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Dental demand is the overall collection of marketing strategies that draw patients into your practice. Everyone needs to have a basic understanding of the four marketing categories that drive every practice. Patients are the fuel for success in any practice (consumer driven business). An understanding of the basics will help you select a marketing group, and in some cases help you avoid the 90% that really don’t know what they are doing.

  1. Natural Demand: Probably the most underrated of the four. It costs nothing but can cost you everything if you ignore it. This is foundational for any consumer driven business. This gives you the momentum to add other strategies. It centers around convenience: location, hours of operation, being on time, outside financing options, being in-network for their insurance and helping with it, offering services that they want, when they want them, at a price they can afford. Note: Only the patient can define convenience.
  2. Inspired Demand: This is your number of direct referrals from other patients, families and friends. I like to remind practices that if you don’t have at least a 50% referral rate, you are probably a “Donor” practice that is either struggling or completely dependent on marketing to drive patients to your door. Without direct referrals you are faced with an ever decreasing pool of patients to draw from. The referral rate in your practice is the best measure of whether or not you have your house in order. It is basically a reliable “caring and compassion index” that tells you if your patients like you.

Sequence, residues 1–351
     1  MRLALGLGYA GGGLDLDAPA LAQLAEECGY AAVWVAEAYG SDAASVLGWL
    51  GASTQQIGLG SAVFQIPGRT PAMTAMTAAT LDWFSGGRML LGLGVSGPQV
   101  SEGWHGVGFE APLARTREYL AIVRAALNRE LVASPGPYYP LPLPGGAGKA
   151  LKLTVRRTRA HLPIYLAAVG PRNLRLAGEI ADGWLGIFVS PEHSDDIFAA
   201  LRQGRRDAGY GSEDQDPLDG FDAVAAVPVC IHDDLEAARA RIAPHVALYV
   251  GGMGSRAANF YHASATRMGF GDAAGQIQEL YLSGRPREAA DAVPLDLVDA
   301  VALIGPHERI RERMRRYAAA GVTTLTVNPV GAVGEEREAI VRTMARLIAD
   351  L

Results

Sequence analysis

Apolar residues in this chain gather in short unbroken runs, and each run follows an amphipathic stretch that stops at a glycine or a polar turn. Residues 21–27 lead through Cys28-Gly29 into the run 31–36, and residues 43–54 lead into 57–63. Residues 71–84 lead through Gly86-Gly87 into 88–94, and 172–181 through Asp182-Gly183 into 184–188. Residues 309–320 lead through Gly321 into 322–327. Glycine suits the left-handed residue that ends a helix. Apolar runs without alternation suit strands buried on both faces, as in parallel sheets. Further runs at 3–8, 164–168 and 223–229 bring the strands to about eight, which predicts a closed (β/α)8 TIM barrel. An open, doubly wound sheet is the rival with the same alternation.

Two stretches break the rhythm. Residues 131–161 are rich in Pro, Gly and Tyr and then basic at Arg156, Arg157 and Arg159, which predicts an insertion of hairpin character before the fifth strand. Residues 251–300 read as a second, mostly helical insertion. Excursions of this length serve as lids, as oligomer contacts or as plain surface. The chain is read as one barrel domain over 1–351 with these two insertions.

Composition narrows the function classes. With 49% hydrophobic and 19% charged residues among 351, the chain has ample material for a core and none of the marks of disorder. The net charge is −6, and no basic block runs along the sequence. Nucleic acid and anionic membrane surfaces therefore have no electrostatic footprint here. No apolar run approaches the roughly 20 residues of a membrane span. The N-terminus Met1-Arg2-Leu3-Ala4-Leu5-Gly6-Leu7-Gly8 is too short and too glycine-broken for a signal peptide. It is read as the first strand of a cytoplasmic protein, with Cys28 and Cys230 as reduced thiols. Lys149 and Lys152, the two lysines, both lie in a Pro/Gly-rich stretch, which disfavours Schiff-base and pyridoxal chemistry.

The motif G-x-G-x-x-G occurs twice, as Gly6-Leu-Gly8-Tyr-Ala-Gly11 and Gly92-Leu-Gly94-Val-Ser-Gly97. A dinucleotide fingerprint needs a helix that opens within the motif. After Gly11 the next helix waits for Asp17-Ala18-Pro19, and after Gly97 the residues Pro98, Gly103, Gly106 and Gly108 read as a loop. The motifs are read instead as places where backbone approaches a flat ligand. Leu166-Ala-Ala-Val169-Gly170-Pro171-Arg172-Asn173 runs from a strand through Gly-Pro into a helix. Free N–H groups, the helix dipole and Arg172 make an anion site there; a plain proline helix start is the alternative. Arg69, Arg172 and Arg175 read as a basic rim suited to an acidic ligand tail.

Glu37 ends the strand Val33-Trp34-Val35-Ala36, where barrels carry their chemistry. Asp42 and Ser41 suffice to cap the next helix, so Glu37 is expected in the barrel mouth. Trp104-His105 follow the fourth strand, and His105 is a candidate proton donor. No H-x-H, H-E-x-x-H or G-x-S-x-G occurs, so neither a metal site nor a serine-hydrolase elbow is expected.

3. Manufactured Demand: This is the category that most doctors think of when I say: “Marketing”. It is the external part of your marketing outreach where you spend (hopefully, invest) money to drive patients to your door. A takeaway here is that a marketing driven (patients come from external marketing only) practice is seldom sustainable. There is no population density large enough that you can’t run through them if your Natural Demand and Inspired Demand don’t make up the bulk of new patients. You will be found out, and the public will quickly extract an expensive price for not meeting and exceeding their expectations.
  4. Negotiated Demand: This is insurance through managed care, and yes, “Martha”, a PPO is managed care. This source of demand comes from the masses choosing you right off their employee insurance brochure because you are in-network for their plan. There is nothing wrong with being in-network for dental plans. Our own ADA says that 94% of all practices are now in-network. The trick has always been maintaining an overhead between 50-60% while doing this. The trick is threefold:
      a. Delivering the service at least 20-30% faster with as good if not better results. You have to offset the discounted fee by being both efficient and effective.
      b. You need to have services that potential patients want but that are not covered by their insurance (you get to charge full fee).
      c. The last and most important strategy and one that should be applied to any area of “Demand” is to take this patient and turn them into a referral source. In this way we turn a poor strategy into one that reaps a huge return on investment.

Understanding your dental demand categories should help you create a broader and better balanced marketing attack. This is how you Summit.
Mike Abernathy, DDS
972-523-4660 cell